Citing In re Sebek, the Board emphasized that “[when] the prior art disclosure suggests the outer limits of the range of suitable values, and that the optimum resides within that range, and where there are indications elsewhere that in fact the optimum should be sought within that range, the determination of optimum values outside that range may not be obvious.”  In Gomez, the claimed depth range was outside an optimum range of ≤ 50 nm disclosed in Amin and Amin taught in multiple places that the depth should be within the optimum range.  In other words, Amin appeared to teach away from the claimed depth range.  Therefore, the Board also rejected the Examiner’s optimization rationale.

Because the Examiner did not provide a sufficient factual basis to support his conclusion that the claimed depth of the silica-rich layer would have been obvious over Amin, the Board reversed the rejection.

Takeaway:  Claiming a range is particularly common in chemical arts.  If a claimed range does not overlap a prior art range, examiners will sometimes argue the parameter of the range is a result-effective variable that could be optimized to reach the claimed range.  As illustrated by Gomez (see also Nonobviousness: PTAB Rejects Examiner’s Optimization by Routine Experimentation Rationale), even if the parameter passes the muster to be a result-effective variable, the optimization rationale will not stand if the prior art implicitly teaches away from the claimed range by disclosing a non-overlapping optimum range and encouraging one to seek a value within the optimum range.

Judges:  R. H. Delmendo, M. P. Colaianni, and J. E. Inglese


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January 19, 2021by Beau Burton

Claimed ranges are prima facie obvious when they overlap a prior art range. When there is no overlap, Examiners will bridge the gap by arguing that the parameter of the range is a result effective variable (such that it would have been obvious to go beyond the literal range) or rely on Titanium Metals to assert that the claimed range is obvious simply because it is “close enough” to the prior art range. The Examiner in In re Yanez tried both of these approaches but failed. Appeal No. 2020-001246 (PTAB Dec. 10, 2020) (non-precedential).

The claim at issue in Yanez required a nickel-aluminide alloy comprising, among other things, 0.15 wt % or less zirconium (Zr). The prior art, Liu, disclosed a nickel aluminide composition that included “from about 0.1 to about 1.5[atomic]% zirconium.” The Examiner converted the lower endpoint of 0.1 at.% in Liu to 0.17 wt%.

The Examiner recognized that Liu’s lower endpoint of 0.17 wt% exceeded the Applicant’s upper limit of 0.15 wt%. However, the Examiner argued: (1) “0.17 wt% is considered close to presently claimed 0.15% or less according to MPEP 2144.05 I”; and (2) “Liu expressly disclose[s] varying amounts of Zr … leads to different YS [(yield strength)] and elongation as illustrated in Figure 2a and 2b … [I]t would have been obvious to one skilled in the art to have adjusted the result-effective variable of Zr amount, in the Nickel-aluminide alloy of Liu in order to achieve a desired VS [sic, YS] and elongation.”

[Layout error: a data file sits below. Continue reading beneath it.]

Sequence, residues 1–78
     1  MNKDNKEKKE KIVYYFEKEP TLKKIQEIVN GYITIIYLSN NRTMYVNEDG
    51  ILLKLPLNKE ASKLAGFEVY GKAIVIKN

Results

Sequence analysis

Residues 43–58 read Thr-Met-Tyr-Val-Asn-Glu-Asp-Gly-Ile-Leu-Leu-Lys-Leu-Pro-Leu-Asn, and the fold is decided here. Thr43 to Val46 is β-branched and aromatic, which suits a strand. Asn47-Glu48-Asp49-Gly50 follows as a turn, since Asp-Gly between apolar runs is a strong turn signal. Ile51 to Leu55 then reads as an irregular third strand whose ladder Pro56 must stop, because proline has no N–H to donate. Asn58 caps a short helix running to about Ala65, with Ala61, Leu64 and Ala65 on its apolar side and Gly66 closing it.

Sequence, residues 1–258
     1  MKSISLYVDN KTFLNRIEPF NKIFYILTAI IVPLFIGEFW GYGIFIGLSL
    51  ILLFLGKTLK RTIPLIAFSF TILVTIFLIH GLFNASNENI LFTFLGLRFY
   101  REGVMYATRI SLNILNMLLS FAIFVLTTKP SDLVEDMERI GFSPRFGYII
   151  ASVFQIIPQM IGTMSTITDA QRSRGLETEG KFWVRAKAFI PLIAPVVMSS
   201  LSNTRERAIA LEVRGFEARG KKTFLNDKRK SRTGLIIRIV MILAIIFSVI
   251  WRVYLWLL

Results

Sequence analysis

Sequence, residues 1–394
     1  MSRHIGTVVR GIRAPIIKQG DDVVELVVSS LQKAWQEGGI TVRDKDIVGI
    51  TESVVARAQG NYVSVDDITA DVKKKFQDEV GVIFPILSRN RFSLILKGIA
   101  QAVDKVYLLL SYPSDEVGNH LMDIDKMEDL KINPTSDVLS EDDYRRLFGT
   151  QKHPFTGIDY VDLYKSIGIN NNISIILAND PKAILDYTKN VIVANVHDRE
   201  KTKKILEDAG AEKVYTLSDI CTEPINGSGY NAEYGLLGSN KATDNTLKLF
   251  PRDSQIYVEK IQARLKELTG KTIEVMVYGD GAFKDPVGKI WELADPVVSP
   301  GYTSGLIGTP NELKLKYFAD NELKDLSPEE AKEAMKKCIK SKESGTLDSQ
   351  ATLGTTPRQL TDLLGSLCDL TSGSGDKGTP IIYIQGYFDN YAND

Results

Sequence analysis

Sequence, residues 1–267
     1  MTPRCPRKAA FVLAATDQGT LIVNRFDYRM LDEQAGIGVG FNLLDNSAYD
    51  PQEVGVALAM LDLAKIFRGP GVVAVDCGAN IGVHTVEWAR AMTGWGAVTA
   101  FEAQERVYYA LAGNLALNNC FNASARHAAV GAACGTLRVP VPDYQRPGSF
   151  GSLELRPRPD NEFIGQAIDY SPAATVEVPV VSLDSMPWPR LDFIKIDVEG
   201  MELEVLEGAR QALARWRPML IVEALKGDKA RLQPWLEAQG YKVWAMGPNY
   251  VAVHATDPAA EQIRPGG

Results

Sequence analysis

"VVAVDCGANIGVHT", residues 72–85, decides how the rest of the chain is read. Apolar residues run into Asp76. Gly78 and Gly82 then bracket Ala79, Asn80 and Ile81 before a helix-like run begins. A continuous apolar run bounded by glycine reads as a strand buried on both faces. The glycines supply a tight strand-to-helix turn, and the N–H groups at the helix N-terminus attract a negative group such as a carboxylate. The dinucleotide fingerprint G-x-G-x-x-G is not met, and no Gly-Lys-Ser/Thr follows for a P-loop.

The Board rejected the Examiner’s “close enough” position, stating “no evidence that Liu’s about 0.17 wt% Zr is sufficiently close to the Appellant’s 0.15 wt% Zr to have suggested 0.15 wt% Zr to one of ordinary skill in the art.”

Next, the Board found “[t]he result effective variable in Liu’s Figures 2a and 2b is [molybdenum] Mo concentration, not [zirconium] Zr concentration.” The Board further noted that an example in Liu having 0.3 at% of Zr had a yield strength between examples containing 0.5 at% and 1.0 at% of Zr; suggesting the Zr content did not correlate with yield strength.

Absent a factual basis to support the Examiner’s positions, the Board reversed the obviousness rejection.

Takeaways: When facing an obviousness rejection where there is a nonoverlapping range, it is important to assess how the prior art range is arranged relative to the claimed range and what the prior art teaches about the range.

The “close enough” rationale from Titanium Metals made sense in that case because the prior art disclosed two compositions (no ranges were described) and the claimed composition fell between those two compositions. Thus, while there was no overlap with the specific compositions in Titanium Metals, a skilled artisan would have expected that an intermediate composition would have the same properties.

The rationale from Titanium Metals starts to break down when the nonoverlapping claimed range is next to the prior art range and the prior art does not teach that the range is flexible (i.e., does not use the modifiers “about” or “approximate”) or suggest that the properties outside the disclosed range would be expected to be the same (i.e., does not state that any concentration is acceptable before setting forth preferred ranges). See In re Patel, 566 F. App’x 1005 (Fed. Cir. 2014) (nonprecedential) (rejecting the PTO’s position that proximity of nonoverlapping ranges alone is sufficient to establish a prima facie case of obviousness). In Yanez, while the prior art used the modifier “about,” it appears that the Board concluded a skilled artisan would not have expected the claimed composition to have the same properties since the concentration of Zr did not correlate with the yield strength (i.e., the lowest concentration of Zr had an intermediate yield strength).